Teaching Social Justice: Critical Issues for the Intercultural Communication Classroom

Brandi Lawless, Associate Professor and Chair of the Department of Communication Studies, has co-authored a new book with Yea-Wen Chen of San Diego State University.

 

By Brandi Lawless

The motivation for my new co-authored book is three-fold. First, Intercultural Communication is one of the top 3 most-offered communication classes across the country, often fulfilling Core/General Education requirements for cultural diversity. However, most instructors who teach the class are only taught how to teach Public Speaking (if they receive pedagogical training at all) and are not specifically taught intercultural communication, which is quite different. Second, some instructors are even handed the class because they look “intercultural,” which unfairly saddles instructors of color and international instructors with additional pedagogical burdens without having excellent resources with which to teach this class. Third, even for the most experienced and knowledgeable instructors, the intercultural communication classroom can be an emotionally and intellectually heavy place for many students and teachers, like other classes that also fulfill our Cultural Diversity (CD) requirement. Sensitive topics arise and students must face complex issues with intellectual curiosity and collegial respect. To navigate the precarious waters of intercultural communication, teachers need an intentional, proactive approach to foster meaningful discussion and learning.

After struggling to teach this type of course and navigate the difficult conversations in each class, my co-author and I created this book as a sort of pedagogical guide. Each chapter presents conceptual overviews, student activities, and problem-solving strategies for teaching intercultural communication. We work our way through eight categories of potential conflict, including: communicating power and privilege, community engagement in social justice, and assessing intercultural pedagogies for social justice. In addition to empirical studies and our own classroom experiences, our book features personal narratives of junior and senior intercultural communication teacher-scholars whose journeys will encourage and instruct readers towards more fulfilling teaching experiences. We wrote this book so that anyone could pick it up and have a stronger foundation for teaching these topics. It is well suited for new and continuing instructors of courses that teach about culture, diversity, and social justice (particularly Intercultural Communication) and for graduate students learning how to teach these topics.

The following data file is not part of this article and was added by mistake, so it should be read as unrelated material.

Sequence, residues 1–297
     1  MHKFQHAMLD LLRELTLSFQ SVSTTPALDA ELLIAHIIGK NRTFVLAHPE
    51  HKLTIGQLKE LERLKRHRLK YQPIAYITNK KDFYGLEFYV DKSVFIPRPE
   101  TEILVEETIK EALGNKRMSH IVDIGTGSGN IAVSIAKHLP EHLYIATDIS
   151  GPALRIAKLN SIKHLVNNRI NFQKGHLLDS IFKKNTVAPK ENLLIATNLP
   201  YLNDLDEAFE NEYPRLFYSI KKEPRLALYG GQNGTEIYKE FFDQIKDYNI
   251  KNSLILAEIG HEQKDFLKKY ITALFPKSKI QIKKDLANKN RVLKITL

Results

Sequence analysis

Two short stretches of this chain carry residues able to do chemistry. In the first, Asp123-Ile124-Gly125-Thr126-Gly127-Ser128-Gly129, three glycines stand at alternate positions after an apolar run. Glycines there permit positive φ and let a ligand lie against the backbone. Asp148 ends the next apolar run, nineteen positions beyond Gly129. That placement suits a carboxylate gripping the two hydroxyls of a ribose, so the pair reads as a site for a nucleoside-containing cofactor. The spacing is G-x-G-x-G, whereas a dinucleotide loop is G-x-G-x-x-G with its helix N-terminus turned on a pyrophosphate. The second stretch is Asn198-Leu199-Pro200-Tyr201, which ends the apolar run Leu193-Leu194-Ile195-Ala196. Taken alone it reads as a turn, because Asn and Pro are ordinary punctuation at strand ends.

I’m excited to use the principles of this book in my own teaching, more intentionally. I have yet to teach Intercultural Communication since the publication of the book, but have been rethinking the content and structure for the next time I teach the course. I’m anxious to hear feedback from others and to continue to grow in my pedagogical approach.

 

 

 

 

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